New Stainless Steel Sculptures
The versatility of stainless steel is well known, leading to the metal being used right across the full scope of industry for an infinite variety of different applications. As previously mentioned in several editions of the BS Stainless blog, the ubiquitous material is often chosen by artists, particularly those who wish to work on a large scale.
This edition of our blog showcases the work of two such artists, both of whom have created amazing sculptures using stainless steel.
After leaving his work in the ferry industry, Canadian artist Kevin Stone began working in the field of commercial stainless steel fabrication, in which he mostly created components for use in the food and dairy industries. In 2003, he created his first sculpture (a representation of a gargoyle measuring six feet in height) using stainless steel scrap.
Creating the gargoyle sculpture revealed his hitherto unknown artistic talent and Kevin has continued building on this for the past two decades, creating ever-larger and more ambitious sculptures using stainless steel. The latest sculpture to be unveiled is a lifelike bust of Elon Musk which, commissioned by a group of cryptocurrency enthusiasts, measures six feet in height and was delivered to Tesla's HQ on the 26th of November.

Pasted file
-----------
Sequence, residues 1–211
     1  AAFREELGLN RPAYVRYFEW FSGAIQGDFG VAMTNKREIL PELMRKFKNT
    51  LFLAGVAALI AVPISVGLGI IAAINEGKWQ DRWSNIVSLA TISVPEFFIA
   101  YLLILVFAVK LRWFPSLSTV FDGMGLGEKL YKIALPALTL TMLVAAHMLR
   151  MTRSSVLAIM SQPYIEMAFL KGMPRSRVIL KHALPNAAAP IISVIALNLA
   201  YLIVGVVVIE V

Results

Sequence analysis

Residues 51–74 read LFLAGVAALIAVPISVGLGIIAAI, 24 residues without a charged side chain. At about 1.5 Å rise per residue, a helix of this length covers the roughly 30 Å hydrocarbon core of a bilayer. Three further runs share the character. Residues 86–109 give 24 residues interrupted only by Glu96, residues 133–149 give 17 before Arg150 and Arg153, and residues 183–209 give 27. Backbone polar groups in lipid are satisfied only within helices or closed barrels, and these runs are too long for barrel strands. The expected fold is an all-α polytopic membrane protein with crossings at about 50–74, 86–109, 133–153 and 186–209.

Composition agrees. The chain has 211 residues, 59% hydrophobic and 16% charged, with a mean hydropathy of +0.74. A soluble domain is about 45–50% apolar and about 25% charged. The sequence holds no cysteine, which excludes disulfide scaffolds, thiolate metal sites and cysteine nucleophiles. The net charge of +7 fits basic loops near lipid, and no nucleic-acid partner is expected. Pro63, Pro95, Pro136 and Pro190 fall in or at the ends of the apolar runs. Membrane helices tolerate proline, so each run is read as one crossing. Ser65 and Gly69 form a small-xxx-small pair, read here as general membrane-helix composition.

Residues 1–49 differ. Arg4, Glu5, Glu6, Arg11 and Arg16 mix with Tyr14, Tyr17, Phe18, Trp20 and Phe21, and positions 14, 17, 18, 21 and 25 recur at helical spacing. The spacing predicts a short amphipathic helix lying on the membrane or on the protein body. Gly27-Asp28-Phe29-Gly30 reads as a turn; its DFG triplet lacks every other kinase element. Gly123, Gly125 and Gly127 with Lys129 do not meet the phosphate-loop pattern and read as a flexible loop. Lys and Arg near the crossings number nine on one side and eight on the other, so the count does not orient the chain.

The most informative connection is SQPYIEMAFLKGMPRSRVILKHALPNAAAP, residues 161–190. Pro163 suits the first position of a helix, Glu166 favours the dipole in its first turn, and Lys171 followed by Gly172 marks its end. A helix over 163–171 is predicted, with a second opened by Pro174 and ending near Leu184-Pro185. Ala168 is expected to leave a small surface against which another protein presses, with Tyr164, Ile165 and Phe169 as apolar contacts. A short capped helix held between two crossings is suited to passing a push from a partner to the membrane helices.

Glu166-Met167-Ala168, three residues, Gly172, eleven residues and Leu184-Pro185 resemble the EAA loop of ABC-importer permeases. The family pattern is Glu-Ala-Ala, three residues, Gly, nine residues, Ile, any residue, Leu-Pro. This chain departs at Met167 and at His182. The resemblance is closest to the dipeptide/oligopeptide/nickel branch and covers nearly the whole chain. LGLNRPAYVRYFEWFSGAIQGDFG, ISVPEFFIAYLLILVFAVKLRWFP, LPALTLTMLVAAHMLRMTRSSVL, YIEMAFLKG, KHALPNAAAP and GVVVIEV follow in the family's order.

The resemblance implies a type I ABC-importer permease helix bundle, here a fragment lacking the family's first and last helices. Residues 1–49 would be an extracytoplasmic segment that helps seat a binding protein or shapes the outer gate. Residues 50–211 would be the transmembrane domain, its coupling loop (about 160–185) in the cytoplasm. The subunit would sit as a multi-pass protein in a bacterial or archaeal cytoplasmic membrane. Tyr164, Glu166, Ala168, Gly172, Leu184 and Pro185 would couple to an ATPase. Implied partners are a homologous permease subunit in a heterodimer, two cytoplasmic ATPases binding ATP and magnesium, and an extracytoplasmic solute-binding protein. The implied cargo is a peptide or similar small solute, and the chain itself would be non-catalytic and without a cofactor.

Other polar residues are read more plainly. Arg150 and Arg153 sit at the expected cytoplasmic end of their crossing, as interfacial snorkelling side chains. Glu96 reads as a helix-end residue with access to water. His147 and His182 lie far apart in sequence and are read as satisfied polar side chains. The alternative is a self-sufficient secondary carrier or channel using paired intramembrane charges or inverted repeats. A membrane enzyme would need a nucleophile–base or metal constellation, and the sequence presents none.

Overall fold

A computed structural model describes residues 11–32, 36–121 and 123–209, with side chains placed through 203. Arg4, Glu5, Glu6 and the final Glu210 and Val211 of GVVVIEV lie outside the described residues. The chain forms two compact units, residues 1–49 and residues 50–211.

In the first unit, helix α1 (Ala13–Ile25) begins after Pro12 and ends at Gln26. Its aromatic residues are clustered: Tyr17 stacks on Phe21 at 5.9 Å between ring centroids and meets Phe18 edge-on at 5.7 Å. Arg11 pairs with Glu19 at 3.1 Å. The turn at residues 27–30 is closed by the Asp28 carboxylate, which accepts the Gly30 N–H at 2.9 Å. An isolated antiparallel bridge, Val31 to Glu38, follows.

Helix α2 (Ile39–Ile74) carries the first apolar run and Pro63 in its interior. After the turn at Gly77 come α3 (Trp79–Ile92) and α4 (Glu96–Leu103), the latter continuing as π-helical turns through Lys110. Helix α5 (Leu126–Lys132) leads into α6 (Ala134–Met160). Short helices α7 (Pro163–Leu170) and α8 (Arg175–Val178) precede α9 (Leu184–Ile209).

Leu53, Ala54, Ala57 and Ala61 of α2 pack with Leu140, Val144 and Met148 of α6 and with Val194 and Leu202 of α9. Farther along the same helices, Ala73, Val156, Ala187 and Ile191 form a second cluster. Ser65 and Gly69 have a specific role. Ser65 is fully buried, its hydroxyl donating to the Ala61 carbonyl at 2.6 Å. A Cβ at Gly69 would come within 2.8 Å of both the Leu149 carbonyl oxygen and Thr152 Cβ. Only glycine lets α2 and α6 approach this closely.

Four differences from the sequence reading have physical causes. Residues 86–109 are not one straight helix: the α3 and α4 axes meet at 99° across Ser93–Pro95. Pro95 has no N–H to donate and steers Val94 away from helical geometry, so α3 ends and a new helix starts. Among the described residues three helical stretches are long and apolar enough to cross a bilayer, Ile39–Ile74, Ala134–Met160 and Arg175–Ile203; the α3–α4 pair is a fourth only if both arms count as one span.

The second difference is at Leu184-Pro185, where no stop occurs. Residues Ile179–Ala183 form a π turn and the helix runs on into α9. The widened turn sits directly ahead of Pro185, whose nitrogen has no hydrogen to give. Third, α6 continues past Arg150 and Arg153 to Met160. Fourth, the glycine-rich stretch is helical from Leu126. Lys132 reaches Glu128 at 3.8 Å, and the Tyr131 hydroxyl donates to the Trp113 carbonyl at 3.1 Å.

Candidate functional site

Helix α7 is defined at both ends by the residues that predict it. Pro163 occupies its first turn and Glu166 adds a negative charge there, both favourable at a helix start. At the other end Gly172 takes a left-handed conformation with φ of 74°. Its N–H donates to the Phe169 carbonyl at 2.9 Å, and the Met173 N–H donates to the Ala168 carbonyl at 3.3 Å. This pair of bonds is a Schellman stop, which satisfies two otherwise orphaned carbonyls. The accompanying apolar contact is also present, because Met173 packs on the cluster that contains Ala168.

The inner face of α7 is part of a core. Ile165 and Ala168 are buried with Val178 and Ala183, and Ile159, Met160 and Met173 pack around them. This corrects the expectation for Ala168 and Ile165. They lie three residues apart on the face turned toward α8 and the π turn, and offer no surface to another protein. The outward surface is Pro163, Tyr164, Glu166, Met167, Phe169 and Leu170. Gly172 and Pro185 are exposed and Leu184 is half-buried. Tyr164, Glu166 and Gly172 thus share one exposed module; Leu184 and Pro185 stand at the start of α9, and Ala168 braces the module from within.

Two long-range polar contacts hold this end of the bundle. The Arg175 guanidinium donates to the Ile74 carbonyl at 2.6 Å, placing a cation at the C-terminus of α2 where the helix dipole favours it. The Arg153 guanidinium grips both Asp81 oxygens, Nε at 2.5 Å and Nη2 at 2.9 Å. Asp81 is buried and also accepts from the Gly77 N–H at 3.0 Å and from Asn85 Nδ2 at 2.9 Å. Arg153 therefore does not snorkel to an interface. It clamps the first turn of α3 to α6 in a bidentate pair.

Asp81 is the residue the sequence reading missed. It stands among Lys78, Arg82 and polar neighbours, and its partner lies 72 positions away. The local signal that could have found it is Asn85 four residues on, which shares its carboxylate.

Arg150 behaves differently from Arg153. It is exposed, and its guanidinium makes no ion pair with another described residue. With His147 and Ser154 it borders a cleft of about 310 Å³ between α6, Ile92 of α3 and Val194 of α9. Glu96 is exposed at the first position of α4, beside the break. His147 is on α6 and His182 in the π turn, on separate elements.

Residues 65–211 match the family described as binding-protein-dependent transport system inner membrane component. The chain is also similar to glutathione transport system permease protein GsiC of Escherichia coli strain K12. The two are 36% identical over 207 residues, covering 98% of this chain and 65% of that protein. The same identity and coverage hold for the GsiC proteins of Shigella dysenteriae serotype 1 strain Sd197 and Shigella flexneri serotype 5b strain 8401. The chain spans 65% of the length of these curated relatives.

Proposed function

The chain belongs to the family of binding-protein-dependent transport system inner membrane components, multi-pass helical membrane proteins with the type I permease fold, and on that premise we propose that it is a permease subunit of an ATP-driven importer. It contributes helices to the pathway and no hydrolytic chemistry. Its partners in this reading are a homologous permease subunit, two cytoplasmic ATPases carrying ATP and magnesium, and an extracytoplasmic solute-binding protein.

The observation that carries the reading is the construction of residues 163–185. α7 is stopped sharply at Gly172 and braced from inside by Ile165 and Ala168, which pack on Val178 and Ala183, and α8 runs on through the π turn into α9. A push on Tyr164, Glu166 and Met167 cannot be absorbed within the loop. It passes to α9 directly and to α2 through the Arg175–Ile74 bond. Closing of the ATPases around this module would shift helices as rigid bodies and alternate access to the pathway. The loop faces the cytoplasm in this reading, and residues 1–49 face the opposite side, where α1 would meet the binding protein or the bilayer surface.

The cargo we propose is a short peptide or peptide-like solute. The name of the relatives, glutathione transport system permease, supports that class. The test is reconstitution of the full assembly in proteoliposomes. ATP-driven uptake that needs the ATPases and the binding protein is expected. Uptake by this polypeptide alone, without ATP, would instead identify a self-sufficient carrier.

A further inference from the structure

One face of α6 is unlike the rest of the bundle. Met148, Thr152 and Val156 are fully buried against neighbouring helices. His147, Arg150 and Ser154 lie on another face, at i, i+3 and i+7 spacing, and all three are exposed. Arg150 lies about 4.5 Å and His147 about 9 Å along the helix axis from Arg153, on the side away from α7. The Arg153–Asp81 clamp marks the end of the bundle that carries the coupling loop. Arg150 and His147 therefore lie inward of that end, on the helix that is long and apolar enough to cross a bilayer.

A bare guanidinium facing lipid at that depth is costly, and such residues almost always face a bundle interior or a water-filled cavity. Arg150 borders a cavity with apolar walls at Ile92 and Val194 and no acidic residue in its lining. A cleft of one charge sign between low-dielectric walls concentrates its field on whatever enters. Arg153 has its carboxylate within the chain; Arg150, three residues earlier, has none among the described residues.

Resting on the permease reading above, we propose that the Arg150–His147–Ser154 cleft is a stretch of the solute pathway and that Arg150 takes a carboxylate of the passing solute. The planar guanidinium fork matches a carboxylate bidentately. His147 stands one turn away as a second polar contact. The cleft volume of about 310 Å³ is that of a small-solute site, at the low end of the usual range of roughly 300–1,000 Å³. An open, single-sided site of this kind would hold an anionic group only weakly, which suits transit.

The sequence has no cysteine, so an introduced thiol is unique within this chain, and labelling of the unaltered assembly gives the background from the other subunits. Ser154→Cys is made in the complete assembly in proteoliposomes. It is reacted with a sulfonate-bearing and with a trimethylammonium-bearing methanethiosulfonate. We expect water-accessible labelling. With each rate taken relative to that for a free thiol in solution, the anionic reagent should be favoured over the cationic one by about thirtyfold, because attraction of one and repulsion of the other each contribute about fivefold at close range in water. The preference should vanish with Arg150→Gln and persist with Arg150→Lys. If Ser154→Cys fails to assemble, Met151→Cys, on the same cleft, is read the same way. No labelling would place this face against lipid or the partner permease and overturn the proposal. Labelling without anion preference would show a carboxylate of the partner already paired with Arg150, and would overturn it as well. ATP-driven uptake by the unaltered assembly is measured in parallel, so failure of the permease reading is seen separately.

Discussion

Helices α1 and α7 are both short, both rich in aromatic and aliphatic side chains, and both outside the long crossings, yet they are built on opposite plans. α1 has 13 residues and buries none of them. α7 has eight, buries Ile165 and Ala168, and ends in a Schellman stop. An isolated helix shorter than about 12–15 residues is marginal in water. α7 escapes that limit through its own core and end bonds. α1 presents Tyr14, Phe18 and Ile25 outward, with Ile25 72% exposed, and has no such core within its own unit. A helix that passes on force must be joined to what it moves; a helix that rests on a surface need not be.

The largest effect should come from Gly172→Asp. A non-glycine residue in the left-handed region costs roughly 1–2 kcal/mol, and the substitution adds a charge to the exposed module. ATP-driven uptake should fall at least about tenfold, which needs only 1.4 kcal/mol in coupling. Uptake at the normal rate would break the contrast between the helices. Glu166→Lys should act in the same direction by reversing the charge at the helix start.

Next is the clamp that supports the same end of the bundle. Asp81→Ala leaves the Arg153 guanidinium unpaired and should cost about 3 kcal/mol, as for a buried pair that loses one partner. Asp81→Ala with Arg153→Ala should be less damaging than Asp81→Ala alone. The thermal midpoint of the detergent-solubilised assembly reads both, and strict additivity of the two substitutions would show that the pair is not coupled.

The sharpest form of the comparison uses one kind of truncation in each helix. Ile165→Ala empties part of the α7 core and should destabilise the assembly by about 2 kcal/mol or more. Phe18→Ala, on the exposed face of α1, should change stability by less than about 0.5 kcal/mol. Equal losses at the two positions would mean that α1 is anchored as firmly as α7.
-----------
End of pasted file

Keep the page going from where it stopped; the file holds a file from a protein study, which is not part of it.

Currently in production is a sculpture of a dragon from the popular series of books and TV series 'Game of Thrones'. Expected to be completed in 2023, the dragon measures a massive 55ft in length and can even breathe fire thanks to an ingenious propane puffer system! Stainless steel, with its high resistance to heat, is the ideal material for this ambitious project.
After being severely delayed due to the COVID-19 pandemic, artist Sanaz Manzinani's 'Rolling Reflection' installation is finally in place outside the San Francisco Planning Building in the USA. The impressive installation comprises no less than 20 rocks, each of which features mirrored surfaces made from highly-polished stainless steel plate.
Described as 'a celebration of artistry and metal fabrication', the installation began with Sanaz collecting small volcanic rocks. These were then 3D-scanned, creating patterns that could then be used in the sandcasting process. After the rocks were cast, mirror-finish stainless steel plate was TIG-welded to their faces.
The finished rocks, which stand between three and eight feet in height to represent elevation changes in the San Francisco Bay area, were painted in different colours using automotive paint, with each colour representing what someone 'might see on a typical day along the San Francisco skyline.'
To find out more about the many different applications that stainless steel can be used for, as well as information about the superlative range of products supplied by BS Stainless, please browse our website.